Friday, July 28, 2017

Why Are Kerala’s Politicians So Obsessed With Building New Airports?

A year ago, Kerala chief minister Pinarayi Vijayan ruled out permission for what would have been a fully private airport in the central district of Pathanamthitta. He then symbolically planted paddy in part of the land, perhaps hoping it would be a stirring moment in Marxist iconography – the noble act of giving back land to the poor farmer from whom it had been acquired.

Now, barely nine months later, Vijayan has announced the construction of a new, government-funded airport in neighbouring Kanjirapally district, which will be closer to the famous Sabarimala temple. The announcement of the government plan to acquire land for the Sabarimala airport overflows with ironies, paradoxes and idiosyncrasies.

Why does Kerala love airports so? The state already has four airports, three of them international. With the proposed airport, it will become the only state with four international airports. Two of them are within barely 150 kilometres of each other.

Kochi, right in the middle of the state, is its busiest airport, getting between 85 and 90 flights a day – sources say it is capable of handling at least 25 more each day. A 500-acre extension to this airport would have been enough to add sufficient capacity instead of a 3,000 acres greenfield airport in the forested interior of Kerala.

Also, Sabarimala is only about 125 kms by road from Kochi, a distance that can be covered in three hours on a good day. Why would a pilgrim coming for an encounter with divinity mind this distance? In addition, Sabarimala is also roughly about 200 kms away from Trivandrum airport, which is thoroughly underfed in terms of traffic, with about 30-40 flights a day.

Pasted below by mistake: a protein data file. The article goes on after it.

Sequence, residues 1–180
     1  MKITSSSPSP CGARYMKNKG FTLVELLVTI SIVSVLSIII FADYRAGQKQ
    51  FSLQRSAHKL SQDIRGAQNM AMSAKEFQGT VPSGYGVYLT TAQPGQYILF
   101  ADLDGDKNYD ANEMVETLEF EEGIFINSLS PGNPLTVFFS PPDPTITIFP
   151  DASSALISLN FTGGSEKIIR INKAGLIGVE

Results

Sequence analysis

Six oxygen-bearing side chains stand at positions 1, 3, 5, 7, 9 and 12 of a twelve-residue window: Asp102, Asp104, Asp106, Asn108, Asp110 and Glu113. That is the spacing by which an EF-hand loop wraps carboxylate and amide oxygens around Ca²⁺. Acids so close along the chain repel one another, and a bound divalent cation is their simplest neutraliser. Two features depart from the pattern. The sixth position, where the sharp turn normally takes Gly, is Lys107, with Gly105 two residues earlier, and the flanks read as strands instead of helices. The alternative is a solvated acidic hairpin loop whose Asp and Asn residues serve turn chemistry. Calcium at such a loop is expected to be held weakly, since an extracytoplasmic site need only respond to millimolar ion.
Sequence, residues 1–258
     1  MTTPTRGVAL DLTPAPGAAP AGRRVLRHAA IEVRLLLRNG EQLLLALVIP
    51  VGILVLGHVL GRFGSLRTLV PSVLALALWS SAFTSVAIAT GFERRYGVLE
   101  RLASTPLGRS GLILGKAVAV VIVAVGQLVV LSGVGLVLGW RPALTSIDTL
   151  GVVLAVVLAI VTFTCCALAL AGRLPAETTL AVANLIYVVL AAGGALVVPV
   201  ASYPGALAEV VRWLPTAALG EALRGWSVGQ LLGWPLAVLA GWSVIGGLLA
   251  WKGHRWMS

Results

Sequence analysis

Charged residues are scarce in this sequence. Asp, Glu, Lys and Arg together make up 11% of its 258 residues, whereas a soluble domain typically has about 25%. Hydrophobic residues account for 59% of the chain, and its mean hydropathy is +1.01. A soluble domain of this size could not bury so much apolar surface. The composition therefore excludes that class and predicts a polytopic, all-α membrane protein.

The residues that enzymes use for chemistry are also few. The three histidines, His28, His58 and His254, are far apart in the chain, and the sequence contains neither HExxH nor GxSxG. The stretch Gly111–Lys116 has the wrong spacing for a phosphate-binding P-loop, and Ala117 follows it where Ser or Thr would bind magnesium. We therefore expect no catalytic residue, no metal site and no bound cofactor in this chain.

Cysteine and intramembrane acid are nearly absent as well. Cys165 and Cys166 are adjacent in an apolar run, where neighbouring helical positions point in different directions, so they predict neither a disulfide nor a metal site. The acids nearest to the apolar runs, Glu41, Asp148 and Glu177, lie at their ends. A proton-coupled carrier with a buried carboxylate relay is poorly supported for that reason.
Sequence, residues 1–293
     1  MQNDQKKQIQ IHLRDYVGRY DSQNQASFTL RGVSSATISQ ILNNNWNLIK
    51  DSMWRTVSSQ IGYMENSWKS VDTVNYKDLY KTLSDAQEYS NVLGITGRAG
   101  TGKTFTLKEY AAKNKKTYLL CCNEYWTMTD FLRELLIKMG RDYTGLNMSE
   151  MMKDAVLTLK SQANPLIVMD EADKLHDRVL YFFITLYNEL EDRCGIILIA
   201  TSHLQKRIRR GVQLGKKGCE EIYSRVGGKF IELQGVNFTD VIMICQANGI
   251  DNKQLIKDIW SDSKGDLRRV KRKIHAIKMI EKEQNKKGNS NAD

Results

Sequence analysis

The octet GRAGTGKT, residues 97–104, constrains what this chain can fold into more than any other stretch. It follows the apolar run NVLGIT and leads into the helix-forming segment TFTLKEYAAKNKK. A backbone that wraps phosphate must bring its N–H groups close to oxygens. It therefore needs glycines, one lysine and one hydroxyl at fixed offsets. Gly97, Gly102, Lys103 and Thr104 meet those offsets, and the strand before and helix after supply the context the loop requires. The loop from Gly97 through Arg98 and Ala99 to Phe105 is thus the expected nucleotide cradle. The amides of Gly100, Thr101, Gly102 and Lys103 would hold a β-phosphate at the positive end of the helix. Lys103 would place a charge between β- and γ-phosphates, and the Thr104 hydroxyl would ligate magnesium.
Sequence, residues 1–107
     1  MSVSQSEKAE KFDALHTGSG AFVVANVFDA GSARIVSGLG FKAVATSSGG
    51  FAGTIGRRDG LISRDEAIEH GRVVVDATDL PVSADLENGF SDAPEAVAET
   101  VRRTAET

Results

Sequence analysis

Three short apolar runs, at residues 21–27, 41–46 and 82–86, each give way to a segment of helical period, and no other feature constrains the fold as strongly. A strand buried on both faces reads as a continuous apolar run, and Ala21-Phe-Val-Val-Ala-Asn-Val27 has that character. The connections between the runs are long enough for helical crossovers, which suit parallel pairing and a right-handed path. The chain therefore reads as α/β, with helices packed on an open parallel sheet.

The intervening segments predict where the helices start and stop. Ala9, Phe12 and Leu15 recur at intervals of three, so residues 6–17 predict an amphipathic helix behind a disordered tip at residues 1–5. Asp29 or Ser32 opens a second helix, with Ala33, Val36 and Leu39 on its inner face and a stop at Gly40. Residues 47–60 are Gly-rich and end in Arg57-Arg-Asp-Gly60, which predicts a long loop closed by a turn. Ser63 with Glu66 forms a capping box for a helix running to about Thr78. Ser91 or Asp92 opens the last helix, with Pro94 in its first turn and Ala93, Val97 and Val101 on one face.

The acquisition of the 3,000 acres or so for the Sabarimala airport, however, is not going to be easy since it belongs to a Christian fundamental group called Believers Church founded by a faith-healer and freelance preacher called K.P. Yohannan, against whom the IT and ED are already conducting investigations. According to reports, the church had bought it from the Harrisons plantations, which like most other industries in Kerala, shut down and sold out. A church official has been quoted as saying they would not mind selling the land. Obviously, 3,000 acres is good money.

In any case, the larger irony of land being bought from a church – by a Marxist government – to build an airport for Hindu pilgrims when there is no such tearing hurry nor demand, is very obvious. Pilgrims are mostly poor or middle class and buses and trains are more than enough. Only the Ambanis (Anil is said to be a regular) or a few other super rich would want to land near the temple doorsteps and rush back to Mumbai like they do in Tirupathi. If an airport was a necessity in the interior parts of Kerala, why was the private airport – for which land was ready – scrapped?
28/07/17 Binoo John/The Wire

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